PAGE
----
Notes from the 2019 Annual BITSS Conference

[Excerpts taken from the article “The 2019 BITSS Annual Meeting: A barometer for the evolving open science movement” by Aleksandar Bogdanoski and Katie Hoeberling, posted at]
“Each year we look forward to our Annual Meeting as a space for showcasing new meta-research and discussing progress in the movement for research transparency.”
“…we’ve historically focused our efforts on research conduct, rather than on publishing. It’s become abundantly clear in recent years, however, that access is a critical component in the production and evaluation of social science.”
“Acknowledging this, we’ve forged fruitful partnerships with stakeholders on the “other end” of the scholarly communication cycle, including the Journal of Development Economics and the Open Science Framework Preprints platform.”
“Wide access to training resources is similarly critical for normalizing open research practices. Open Science (with a capital O and S) has only recently entered the social science curriculum.”
“Speakers on the meeting’s final panel discussed the challenges they’ve faced in trying to institutionalize open science curriculum and supporting their students in applying open principles outside of the classroom, as well as approaches and resources they’ve found helpful.”
“Instructors and students looking to teach or learn transparent research practices can start at our Resource Library or this growing list of course syllabi on the OSF.” 
“Having organized eight of these annual events, a few other patterns have begun to emerge. One of the most exciting developments we’ve seen is that our meetings have shifted focus from diagnosing problems in research, to testing interventions and assessing adoption and wider change.”
“There is no longer a need, at least in this community, to debate whether or not publication bias exists or that perverse incentives lead researchers to use questionable research practices, for example. How we measure and correct for them, however, remain open questions. Such questions were discussed during the first block of research presentations, which proposed sensitivity analysis in meta-analysis and revised significance thresholds compatible with researcher behavior to correct for publication bias, plus a framework to translate open practices for observational research.”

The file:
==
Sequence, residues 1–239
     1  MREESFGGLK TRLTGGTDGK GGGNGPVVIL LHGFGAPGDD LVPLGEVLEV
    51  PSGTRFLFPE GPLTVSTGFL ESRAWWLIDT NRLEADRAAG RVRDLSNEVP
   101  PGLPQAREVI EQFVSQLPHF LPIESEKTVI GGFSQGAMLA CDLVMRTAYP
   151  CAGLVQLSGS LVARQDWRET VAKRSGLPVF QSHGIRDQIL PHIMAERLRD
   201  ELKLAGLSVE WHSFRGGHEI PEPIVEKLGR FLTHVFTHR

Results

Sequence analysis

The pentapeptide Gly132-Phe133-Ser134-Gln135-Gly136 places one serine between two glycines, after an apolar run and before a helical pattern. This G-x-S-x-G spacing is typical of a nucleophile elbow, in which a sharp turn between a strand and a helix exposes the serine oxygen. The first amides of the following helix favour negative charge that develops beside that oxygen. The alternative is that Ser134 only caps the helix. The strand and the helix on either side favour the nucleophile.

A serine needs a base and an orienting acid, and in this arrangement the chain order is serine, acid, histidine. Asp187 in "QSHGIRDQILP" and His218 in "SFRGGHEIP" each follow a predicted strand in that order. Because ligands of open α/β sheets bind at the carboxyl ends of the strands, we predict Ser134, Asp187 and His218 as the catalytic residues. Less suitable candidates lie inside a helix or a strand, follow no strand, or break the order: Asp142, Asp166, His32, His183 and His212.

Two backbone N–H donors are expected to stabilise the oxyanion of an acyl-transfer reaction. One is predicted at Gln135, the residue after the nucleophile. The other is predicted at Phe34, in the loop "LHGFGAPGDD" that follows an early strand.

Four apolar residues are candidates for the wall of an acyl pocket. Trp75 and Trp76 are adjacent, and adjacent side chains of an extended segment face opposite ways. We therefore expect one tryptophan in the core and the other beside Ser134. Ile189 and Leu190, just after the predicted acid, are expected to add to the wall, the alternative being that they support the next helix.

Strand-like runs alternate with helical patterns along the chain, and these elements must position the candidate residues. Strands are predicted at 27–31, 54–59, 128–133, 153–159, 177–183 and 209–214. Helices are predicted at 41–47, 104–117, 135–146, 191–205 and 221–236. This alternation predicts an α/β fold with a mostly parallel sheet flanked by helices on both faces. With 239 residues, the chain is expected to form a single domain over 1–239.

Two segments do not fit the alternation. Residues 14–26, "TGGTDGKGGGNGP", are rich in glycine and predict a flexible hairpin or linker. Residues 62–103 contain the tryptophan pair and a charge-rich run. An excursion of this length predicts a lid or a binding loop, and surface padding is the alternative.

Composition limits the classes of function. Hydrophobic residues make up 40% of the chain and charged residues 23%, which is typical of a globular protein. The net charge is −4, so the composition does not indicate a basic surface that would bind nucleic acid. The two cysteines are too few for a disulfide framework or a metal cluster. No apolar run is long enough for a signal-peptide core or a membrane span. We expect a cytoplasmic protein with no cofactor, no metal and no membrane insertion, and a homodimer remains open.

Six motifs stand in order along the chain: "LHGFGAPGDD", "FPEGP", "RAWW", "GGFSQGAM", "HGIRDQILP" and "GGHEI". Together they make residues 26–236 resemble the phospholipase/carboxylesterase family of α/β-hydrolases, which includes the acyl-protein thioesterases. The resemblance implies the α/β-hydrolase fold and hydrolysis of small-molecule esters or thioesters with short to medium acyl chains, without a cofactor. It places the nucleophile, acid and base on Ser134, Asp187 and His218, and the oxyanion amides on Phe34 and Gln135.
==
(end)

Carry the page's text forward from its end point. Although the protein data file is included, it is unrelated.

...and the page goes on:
“Relatedly, the use of pre-registration and pre-analysis plans (PAPs) is becoming more normative than cutting edge.”
“Finally, it’s become clear that the reach and efficacy of many open science tools can benefit from, and often requires, the support of diverse stakeholders, as well as rigorous evaluation components integrated in interventions from the beginning. The final block of presentations explored the application of open science principles in novel contexts, including Institutional Review Boards and qualitative research with sensitive data, and offered a general framework for designing and evaluating open science interventions.”
“If you missed the meeting, or want to revisit any of the sessions, you can find slides on this OSF page, watch videos on our YouTube channel, and find open access versions of the papers in the event agenda. The summaries of each session can be found below…” [go to link below].
To read the article, click here.

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